Monkeypox is a rare viral infection that doesn’t spread easily from person to person.
This is usually a mild illness that goes away on its own, and most people recover within a few weeks.
Four more cases have been identified in the UK, three in London and one in the North East of England, but these are not believed to be linked to the previous three cases.
Monkeypox can be spread from infected wild animals in parts of West and Central Africa, but rodents such as rats, mice and squirrels are also suspected.
According to the government’s website, the UK’s first case of monkeypox this year occurred in a patient who had recently traveled from Nigeria.
The person is believed to have contracted the infection before traveling back to the UK.
Health experts say the infection can also be transmitted by eating meat from infected animals that has not been properly cooked.
It is also possible to get monkeypox by touching other products, such as skin or fur, that come from infected animals.
The main monkeypox symptoms to look out for include round lesions on the skin that fill with fluid before hardening (Image: Internet Unknown)
It usually takes one to two weeks after exposure to the monkeypox virus, but it can take up to three weeks.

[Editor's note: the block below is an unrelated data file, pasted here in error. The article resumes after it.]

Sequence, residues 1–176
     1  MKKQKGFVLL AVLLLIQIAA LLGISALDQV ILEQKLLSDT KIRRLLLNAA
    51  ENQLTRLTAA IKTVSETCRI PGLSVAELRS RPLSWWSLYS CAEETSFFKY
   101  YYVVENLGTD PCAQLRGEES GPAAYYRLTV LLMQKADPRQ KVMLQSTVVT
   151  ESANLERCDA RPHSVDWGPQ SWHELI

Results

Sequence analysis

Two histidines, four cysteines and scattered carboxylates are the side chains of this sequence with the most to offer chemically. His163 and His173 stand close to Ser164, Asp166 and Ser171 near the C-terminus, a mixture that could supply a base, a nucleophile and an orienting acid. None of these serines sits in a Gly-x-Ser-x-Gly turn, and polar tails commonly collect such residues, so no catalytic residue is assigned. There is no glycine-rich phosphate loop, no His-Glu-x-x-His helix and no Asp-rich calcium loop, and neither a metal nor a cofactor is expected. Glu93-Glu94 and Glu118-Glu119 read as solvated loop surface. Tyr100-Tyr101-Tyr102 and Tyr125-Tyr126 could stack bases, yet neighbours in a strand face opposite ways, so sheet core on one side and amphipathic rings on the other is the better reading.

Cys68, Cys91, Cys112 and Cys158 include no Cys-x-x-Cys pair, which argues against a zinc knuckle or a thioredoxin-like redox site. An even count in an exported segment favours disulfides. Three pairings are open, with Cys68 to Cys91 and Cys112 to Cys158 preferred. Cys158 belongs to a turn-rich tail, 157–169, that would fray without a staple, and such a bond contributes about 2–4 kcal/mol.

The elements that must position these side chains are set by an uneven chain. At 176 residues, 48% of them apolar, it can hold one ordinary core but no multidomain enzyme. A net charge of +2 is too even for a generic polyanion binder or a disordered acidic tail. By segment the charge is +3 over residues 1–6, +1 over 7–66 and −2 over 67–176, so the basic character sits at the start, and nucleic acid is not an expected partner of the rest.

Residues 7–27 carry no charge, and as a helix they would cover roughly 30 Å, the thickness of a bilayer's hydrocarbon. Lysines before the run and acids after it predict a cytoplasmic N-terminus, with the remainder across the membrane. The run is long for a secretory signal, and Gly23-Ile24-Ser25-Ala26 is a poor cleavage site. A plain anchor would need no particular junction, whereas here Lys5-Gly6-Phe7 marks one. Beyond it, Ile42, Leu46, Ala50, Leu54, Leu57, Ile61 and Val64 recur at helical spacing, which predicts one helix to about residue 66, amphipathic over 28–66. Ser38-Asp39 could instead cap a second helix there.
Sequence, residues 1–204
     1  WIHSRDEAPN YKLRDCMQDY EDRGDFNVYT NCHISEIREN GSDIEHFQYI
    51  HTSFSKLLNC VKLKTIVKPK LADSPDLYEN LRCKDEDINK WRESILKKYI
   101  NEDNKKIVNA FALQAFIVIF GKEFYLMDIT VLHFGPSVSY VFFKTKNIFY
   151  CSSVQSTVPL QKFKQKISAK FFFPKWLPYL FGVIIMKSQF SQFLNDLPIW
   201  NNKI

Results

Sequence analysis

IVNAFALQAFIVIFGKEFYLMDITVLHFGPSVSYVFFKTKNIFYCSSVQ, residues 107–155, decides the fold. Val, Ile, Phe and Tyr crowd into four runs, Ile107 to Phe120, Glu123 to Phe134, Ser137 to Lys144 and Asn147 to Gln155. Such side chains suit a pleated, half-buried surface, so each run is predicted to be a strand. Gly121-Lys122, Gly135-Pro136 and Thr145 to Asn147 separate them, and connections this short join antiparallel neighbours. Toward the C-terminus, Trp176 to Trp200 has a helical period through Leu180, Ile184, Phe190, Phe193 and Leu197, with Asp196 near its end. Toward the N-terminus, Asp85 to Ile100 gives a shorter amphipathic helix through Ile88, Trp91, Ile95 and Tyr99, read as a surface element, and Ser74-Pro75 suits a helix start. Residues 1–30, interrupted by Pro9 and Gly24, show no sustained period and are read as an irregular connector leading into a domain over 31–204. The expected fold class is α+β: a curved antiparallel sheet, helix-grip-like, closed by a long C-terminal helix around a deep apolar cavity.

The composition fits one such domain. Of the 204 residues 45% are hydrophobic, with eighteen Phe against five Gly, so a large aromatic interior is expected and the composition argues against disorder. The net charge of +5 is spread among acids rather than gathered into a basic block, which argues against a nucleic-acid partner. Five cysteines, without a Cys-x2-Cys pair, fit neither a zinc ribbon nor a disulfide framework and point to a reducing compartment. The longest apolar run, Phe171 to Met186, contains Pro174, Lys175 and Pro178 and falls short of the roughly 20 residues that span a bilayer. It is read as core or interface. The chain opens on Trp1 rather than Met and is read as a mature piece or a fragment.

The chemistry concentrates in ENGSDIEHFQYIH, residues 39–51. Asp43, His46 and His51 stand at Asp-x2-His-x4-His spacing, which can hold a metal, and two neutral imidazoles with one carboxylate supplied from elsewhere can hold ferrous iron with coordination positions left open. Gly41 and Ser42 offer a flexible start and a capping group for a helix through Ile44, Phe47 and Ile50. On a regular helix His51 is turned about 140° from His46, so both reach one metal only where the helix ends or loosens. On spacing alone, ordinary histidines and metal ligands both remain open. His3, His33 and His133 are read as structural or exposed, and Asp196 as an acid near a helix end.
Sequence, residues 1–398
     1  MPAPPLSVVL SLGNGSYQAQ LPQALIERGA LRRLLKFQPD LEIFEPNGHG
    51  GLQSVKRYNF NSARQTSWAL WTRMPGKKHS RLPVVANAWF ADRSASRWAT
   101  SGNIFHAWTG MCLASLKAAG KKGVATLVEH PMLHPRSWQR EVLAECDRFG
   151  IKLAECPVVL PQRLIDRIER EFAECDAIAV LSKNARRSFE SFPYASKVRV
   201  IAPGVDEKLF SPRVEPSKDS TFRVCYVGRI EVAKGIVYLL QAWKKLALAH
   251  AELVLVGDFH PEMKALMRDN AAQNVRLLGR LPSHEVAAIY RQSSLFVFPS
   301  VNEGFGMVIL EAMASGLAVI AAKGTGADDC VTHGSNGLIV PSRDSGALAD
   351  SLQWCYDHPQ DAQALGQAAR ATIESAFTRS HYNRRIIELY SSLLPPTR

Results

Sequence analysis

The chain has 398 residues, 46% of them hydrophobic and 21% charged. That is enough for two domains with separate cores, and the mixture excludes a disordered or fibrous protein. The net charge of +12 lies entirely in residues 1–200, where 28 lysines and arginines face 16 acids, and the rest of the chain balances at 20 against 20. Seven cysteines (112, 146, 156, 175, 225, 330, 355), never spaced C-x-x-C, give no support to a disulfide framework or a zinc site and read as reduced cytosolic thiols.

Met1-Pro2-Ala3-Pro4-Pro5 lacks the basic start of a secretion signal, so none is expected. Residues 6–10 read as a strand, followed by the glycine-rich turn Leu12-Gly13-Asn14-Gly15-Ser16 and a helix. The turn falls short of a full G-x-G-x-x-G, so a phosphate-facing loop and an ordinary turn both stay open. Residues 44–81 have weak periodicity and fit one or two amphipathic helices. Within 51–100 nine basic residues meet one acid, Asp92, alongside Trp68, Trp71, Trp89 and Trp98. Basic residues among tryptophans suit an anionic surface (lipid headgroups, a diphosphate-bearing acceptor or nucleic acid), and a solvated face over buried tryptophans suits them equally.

WebMD details the stages of the disease which include:
Flat, round lesions that turn into slightly raised bumps. These lumps then fill with clear fluid. They then turn into lumps with a yellowish liquid that harden and fall off. Symptoms of monkeypox Read more related articles
If you think you have come into contact with an infected animal, alive or dead, here are the symptoms of monkeypox to look out for:
Fever Fatigue Headache Muscle aches Chills Backache Sore throat Dry cough Swollen lymph nodes (chickenpox, although similar, does not cause these symptoms) Shortness of breath (in severe cases)
In humans, the symptoms of monkeypox are similar but milder than the symptoms of smallpox.
Monkeypox starts with fever, headache, muscle aches, and fatigue.
“The main difference between the symptoms of smallpox and monkeypox is that monkeypox causes lymph nodes to swell (lymphadenopathy), whereas smallpox does not,” added the Centers for Disease Control and Prevention (CDC).
Is monkeypox serious? The monkeypox lesions eventually scab and fall off (Image: Getty Images)
According to the CDC, one in 100 cases of monkeypox will result in death.
Severe cases are more likely to cause death, especially in people with weaker immune systems.
Being younger, having prolonged exposure to the virus, having poor general health, and developing conditions are risk factors for severe cases of monkeypox.
Dr Colin Brown, UKHSA Director of Clinical Infections and Emerging, said: “It is important to emphasize that monkeypox does not spread easily between people and the overall risk to the general population is very low.
“We are working with NHS England and NHS Improvement (NHSEI) to contact people who had close contact with the case prior to confirmation of their infection, to test them as necessary and provide advice.
“The UKHSA and the NHS have well-established and robust infection control procedures for dealing with imported infectious disease cases and these will be strictly followed.”
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